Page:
Answer me this, why does it seem that every device that is responsible for the heating and cooling of your home always seems to fail at the most inopportune time?

Take your furnace, for instance, say around 12:45 on a Wednesday morning in the middle of February, when the actual air temperature outside is zero, with a wind chill of -10 below.

Welcome to my house this morning. I get up around 12:40 to let out a dog that's been crossing all four legs for nearly an hour, only to discover, hey, it's starting to feel a lot like outside, inside my house. This can't be good.

I quickly check the thermostat, to discover it's 61 degrees in here, that explains why my teeth are chattering.

Now the great debate begins, what to do. Tough it out till morning, or bite the bullet and call the emergency number of our favorite HVAC company.

After a 3 to 1 vote in my home, one of my dogs didn't seem to mind the cold all that much, she voted no, in an effort to keep sleeping. Anyway, majority rules, so we made the dreaded call.

Enter Teresa, the friendly overnight emergency operator, who quickly informs us that it will most likely be between 1:00 and 2:00 PM before they could have someone over to see what is ailing Mr. Rheem. However, there is another option. We could pay the extra fee to wake up some poor unsuspecting HVAC man in the middle of the night to come over immediately before my home becomes Marc's meat locker.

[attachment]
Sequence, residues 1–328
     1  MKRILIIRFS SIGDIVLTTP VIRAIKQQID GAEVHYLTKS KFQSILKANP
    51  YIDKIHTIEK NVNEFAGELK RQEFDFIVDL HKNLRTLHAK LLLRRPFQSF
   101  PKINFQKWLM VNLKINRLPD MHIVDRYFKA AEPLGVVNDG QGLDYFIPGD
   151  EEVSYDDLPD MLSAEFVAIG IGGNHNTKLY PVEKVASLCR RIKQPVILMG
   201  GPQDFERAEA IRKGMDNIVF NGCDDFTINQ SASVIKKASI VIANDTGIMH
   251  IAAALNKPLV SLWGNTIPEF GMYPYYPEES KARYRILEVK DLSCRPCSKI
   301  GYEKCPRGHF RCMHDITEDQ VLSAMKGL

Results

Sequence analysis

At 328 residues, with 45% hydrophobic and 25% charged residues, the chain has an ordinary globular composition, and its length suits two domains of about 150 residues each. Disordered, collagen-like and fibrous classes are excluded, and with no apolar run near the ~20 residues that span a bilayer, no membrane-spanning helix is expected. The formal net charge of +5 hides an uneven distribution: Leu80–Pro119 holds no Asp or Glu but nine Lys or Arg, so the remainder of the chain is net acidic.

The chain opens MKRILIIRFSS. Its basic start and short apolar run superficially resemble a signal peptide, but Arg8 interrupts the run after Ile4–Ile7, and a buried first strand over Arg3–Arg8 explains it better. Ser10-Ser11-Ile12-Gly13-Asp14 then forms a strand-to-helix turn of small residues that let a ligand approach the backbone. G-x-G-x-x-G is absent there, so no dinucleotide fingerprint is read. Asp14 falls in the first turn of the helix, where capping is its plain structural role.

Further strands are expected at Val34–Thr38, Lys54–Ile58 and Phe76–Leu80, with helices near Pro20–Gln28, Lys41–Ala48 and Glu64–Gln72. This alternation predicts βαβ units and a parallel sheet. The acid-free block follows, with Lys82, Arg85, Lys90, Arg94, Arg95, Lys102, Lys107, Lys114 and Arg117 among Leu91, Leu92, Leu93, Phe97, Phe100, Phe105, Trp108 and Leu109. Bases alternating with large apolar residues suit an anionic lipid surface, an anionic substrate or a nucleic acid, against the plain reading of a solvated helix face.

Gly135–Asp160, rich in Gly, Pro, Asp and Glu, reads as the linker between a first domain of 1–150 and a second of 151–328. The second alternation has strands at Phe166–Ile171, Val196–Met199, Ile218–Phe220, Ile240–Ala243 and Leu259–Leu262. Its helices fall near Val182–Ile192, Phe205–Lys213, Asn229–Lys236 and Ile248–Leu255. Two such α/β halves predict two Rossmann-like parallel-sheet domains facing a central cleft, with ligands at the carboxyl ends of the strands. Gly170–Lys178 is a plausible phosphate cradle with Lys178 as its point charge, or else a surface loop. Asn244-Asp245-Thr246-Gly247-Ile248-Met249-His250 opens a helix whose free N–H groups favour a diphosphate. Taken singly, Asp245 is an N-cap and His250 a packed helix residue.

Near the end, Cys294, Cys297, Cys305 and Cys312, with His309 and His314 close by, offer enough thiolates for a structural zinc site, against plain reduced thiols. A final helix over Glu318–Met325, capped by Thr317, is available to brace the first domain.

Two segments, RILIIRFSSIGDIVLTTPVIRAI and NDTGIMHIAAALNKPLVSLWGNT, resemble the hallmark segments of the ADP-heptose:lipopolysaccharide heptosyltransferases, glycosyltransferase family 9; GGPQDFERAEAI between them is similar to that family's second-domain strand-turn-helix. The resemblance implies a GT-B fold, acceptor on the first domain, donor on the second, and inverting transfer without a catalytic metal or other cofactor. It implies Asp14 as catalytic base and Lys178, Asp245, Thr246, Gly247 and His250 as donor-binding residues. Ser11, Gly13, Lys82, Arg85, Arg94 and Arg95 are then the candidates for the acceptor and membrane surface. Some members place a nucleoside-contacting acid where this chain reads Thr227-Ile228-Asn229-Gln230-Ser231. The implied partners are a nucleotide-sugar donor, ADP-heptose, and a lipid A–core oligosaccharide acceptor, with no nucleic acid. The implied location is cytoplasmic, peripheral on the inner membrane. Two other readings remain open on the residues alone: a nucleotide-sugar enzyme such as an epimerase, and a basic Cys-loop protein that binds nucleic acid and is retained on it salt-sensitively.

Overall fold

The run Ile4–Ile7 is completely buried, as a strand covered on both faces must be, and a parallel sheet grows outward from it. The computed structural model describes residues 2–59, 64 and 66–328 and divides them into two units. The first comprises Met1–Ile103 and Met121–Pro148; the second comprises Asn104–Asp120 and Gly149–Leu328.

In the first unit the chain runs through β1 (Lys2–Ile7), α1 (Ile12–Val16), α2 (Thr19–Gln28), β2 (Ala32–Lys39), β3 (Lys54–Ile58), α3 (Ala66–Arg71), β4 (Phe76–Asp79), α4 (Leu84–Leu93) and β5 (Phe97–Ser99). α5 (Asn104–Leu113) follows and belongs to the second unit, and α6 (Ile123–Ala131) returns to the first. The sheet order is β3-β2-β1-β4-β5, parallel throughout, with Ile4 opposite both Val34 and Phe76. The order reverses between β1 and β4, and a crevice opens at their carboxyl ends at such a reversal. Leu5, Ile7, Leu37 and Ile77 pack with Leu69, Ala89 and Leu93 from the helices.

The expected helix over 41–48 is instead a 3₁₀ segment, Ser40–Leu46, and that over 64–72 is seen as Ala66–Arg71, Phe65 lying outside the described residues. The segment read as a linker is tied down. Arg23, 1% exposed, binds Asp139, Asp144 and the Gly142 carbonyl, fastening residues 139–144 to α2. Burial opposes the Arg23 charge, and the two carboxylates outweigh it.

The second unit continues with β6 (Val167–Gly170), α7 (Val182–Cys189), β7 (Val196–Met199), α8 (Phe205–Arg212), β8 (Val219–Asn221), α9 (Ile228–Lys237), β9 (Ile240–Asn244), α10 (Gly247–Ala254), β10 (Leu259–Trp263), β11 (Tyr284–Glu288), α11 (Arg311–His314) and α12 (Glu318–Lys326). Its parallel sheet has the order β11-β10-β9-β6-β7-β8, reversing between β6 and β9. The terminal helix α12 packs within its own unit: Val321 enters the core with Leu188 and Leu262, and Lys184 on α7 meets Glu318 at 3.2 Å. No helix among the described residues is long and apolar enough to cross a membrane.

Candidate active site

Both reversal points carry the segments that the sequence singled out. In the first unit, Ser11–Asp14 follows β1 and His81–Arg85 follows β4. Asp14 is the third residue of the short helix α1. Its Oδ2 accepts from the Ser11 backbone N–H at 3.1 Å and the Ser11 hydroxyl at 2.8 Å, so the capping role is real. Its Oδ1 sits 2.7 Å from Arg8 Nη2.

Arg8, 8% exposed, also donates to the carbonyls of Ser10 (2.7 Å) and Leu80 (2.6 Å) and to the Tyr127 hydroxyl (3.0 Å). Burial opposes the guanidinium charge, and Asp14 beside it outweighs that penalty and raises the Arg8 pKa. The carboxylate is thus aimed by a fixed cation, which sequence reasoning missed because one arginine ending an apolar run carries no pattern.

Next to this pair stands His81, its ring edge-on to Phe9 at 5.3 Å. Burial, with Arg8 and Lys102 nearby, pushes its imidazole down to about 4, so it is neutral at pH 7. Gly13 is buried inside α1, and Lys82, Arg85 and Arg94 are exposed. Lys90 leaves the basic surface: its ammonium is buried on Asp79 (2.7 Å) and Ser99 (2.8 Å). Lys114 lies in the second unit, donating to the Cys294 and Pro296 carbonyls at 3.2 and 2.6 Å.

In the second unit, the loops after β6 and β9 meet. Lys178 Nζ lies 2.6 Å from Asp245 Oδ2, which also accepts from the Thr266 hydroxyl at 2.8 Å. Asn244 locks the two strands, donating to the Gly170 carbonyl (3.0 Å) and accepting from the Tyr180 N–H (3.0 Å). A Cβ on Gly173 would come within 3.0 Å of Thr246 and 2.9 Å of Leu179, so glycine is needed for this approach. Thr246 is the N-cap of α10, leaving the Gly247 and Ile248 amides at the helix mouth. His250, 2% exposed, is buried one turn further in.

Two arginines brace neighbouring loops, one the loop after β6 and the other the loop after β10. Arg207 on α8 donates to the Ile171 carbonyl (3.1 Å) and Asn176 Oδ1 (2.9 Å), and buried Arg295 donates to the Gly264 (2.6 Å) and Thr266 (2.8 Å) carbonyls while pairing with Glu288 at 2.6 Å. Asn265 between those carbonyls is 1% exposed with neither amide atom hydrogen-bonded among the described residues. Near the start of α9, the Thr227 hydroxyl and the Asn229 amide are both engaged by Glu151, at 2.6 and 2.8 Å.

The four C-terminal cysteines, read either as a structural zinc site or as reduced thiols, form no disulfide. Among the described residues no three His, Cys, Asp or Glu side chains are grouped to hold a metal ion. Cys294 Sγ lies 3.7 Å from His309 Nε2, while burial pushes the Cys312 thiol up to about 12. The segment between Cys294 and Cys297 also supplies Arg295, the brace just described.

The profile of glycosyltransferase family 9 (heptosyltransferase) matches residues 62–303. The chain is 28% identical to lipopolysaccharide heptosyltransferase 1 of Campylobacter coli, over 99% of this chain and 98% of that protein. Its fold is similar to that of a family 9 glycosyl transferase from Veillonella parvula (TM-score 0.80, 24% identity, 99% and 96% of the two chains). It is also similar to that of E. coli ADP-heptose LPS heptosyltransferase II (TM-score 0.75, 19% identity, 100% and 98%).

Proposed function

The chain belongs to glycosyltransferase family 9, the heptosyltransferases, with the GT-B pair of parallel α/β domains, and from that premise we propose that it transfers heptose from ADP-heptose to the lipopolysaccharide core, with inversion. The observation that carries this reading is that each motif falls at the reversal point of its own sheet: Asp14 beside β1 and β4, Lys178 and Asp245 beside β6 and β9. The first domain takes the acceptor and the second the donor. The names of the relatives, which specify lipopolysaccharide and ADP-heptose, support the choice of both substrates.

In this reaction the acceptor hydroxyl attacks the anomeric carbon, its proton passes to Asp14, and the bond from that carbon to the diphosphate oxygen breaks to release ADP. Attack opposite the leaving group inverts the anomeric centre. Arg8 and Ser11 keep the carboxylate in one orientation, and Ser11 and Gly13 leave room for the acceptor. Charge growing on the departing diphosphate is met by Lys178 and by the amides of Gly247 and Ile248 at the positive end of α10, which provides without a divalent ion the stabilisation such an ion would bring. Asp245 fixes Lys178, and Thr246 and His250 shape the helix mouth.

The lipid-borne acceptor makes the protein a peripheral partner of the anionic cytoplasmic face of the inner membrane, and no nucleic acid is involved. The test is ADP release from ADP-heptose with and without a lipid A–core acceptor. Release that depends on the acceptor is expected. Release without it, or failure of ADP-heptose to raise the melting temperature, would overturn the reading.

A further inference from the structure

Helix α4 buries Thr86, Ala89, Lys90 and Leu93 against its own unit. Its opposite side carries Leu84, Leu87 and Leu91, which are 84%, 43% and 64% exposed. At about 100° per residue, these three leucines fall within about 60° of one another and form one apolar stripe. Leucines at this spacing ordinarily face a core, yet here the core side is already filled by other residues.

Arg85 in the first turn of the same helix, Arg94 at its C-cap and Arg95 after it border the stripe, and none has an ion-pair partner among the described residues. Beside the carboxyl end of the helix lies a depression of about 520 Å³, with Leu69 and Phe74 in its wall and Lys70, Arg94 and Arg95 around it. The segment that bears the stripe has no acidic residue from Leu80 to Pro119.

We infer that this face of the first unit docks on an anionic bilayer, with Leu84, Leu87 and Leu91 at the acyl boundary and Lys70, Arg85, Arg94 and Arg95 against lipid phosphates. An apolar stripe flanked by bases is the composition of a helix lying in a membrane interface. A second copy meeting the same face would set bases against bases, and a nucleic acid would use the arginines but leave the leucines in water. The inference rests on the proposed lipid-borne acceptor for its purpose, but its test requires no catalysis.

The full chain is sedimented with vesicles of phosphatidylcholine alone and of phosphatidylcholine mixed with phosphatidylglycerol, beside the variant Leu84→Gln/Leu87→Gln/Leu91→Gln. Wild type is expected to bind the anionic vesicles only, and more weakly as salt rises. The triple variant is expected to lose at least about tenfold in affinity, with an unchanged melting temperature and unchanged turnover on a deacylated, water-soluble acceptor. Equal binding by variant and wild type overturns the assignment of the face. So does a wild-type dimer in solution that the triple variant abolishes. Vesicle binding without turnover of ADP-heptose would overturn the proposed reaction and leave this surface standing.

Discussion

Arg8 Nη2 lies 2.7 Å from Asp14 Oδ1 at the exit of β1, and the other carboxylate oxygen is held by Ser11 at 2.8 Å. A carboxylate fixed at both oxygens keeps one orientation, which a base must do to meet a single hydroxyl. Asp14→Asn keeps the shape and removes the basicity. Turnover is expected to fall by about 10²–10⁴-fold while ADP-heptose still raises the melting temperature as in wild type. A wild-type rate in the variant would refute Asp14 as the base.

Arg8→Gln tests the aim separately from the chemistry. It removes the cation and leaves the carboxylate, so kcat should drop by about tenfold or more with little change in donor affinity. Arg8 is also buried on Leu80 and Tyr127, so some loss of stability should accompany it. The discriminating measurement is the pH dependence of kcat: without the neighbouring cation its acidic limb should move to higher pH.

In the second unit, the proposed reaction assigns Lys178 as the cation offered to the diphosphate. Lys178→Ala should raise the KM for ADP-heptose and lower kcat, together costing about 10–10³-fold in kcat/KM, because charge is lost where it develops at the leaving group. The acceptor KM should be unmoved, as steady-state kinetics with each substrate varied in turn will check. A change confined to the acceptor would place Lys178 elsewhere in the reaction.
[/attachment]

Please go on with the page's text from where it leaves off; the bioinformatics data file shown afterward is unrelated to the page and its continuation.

After another majority vote, we elect to take option B.

As my family and I sit in the living room covered in blankets, huddled around the Lasko space heater waiting for Kyle the happy HVAC man to arrive, I couldn't help but wonder, how in the name of Zeus's butthole did any of the pioneers survive these cold winter nights on the plains, and when did I become such a blithering whimp?

Anyway, Kyle finally showed up. He was actually a very friendly guy, considering we had just taken him out of his nice warm bed, forced him into a February deep freeze, only to have him place his groggy head into my dusty, broken-down furnace at 1:40 in the AM.

Twenty some minutes later, the culprit was revealed, something called the "pressure stick" had failed. Three hundred and thirty dollars later, we had heat again. (Cue the heavenly angels singing!)

So ends my February furnace failure fiasco.

I can't wait to get Rheemed again later this year when my central air conditioner unit decides to take a dump in say mid-July, when it's 98 degrees outside, and the heat index is a 110!

Actually, those temperatures sound really appealing right now.

Ah, the joys of home ownership! Stay warm everybody!

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